Part Romeo And Juliet on wheels and part Driving Miss Daisy in the hood, Musical Chairs is a love story about the challenges faced by physical disability, but at the same time highlights though never gets around to exploring an incidental issue. And that is, no matter how crowded a city like the Big Apple might be, the culturally diverse inhabitants may as well be residing miles apart.
E.J. Bonilla is Armando in Musical Chairs, a hopeful and ambitious young Puerto Rican man living in the Bronx with his parents, and aspiring to be a professional dancer. But relegated to more of an outside looking in reality, Armando currently resigns himself to dividing his time between doing menial chores at the family’s neighborhood restaurant, and working as a janitor at an Upper East Side dance studio. Where on mop duty down time, he picks up the dance moves of instructors there, but lacing them with lots of homespun Latino flavor.
Armando is also infatuated with the lead dance instructor, Mia (Leah Pipes), a wealthy young white woman who is impressed when she catches sight of Armando secretly dancing by himself at the studio after hours. But their relationship seems to be strictly confined to the workplace, and limited at least on the part of Mia by possibly class, cultural and economic differences.
That is, until one day when Mia is struck by a car, sustaining a permanent spinal cord injury and ending up a paraplegic in a wheelchair. Which affords the obsessed young man an opportunity to lavish attention on Mia and encourage her to fall in love with him. Even as his disapproving mother attempts to sabotage their relationship and pressure an indifferent Armando into dating the willing neighborhood hottie Rosa (Angelic Zambrana), quite an impressive dancer in her own right.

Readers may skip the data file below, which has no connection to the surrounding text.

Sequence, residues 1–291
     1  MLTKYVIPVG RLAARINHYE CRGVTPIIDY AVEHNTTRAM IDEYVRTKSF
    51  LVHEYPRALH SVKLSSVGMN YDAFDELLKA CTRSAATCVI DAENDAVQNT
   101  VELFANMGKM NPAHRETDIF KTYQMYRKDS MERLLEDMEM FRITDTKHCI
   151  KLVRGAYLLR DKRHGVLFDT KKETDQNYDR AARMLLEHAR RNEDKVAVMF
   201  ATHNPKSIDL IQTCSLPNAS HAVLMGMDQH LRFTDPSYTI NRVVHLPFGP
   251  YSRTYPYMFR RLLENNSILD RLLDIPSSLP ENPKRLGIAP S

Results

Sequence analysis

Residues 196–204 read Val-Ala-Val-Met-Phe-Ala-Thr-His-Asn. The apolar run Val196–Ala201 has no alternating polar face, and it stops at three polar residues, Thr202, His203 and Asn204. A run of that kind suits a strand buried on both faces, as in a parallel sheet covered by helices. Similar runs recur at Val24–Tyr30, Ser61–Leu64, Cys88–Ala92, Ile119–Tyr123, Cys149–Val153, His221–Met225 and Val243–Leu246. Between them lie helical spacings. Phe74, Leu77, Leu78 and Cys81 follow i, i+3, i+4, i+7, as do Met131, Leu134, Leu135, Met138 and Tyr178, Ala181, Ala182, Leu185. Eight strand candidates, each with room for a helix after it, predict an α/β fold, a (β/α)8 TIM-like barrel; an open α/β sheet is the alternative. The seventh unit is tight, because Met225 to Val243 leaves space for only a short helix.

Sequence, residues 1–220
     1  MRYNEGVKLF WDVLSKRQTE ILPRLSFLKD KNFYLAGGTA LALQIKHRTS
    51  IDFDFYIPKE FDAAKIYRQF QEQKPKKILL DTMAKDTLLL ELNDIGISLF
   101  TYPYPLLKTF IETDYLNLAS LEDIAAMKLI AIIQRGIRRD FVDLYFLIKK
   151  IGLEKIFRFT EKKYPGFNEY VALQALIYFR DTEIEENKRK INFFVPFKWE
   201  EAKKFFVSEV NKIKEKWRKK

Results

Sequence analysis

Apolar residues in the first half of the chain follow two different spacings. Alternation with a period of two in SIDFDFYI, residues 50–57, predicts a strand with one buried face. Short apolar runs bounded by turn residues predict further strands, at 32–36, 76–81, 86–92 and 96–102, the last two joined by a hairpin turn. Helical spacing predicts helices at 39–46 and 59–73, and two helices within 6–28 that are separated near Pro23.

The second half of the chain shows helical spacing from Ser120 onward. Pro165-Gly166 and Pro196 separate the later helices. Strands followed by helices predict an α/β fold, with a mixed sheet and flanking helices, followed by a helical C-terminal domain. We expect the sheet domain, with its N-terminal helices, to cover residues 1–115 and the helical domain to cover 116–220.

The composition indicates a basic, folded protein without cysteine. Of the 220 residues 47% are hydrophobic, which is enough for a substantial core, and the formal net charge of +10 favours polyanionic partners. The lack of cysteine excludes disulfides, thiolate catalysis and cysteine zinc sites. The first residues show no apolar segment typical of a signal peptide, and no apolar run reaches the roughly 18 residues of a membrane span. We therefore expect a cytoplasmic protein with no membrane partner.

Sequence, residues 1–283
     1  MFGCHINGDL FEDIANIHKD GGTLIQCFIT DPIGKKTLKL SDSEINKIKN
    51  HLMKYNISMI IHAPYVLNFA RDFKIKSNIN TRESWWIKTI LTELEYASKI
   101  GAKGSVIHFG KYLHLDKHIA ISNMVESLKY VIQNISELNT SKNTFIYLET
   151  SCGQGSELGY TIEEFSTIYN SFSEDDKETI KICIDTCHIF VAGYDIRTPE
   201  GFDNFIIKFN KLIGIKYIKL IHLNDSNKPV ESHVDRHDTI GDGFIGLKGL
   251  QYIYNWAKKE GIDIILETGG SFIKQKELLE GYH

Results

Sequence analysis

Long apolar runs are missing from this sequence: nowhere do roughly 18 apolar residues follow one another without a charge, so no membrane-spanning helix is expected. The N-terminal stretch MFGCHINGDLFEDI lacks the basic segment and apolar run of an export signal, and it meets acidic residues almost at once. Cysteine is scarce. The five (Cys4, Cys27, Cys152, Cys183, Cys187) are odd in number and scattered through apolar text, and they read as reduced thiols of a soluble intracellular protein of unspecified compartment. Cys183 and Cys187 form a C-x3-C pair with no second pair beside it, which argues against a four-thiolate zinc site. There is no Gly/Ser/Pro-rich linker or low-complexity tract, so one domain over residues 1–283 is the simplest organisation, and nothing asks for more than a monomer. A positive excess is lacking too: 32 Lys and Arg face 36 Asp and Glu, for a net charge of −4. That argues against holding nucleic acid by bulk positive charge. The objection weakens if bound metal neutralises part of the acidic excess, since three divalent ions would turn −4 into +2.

Speaking of dancing, Armando seems to have all but forgotten that particular life passion in his fixation on a psychologically vulnerable Mia. Until a wheelchair ballroom dance competition comes to town, and Armando takes it upon himself to train the residents of Mia’s rehab facility to enter the contest.
Filmmaker Susan Seidelman is best known for the casting coup of Madonna in her memorable 1985 fantasy romp, Desperately Seeking Susan. With Musical Chairs she’s clearly a director for hire, and it shows. Though the story has plenty of heart and the actors lend extraordinary emotional weight to their characters, the attention to narrative detail is skimpy. And never sufficiently probes questions, such as if this romantic involvement would have happened at all, had Mia not become disabled.
Or even more jarring, why are all the wheelchair bound costars seemingly just fine with their handicaps, and more concerned with Mia’s predicament than their own. In a case of an unfortunately fractured narrative that, unlike these broken characters, could have benefited from some mending.
2 1/2 stars
Trailer of Musical Chairs: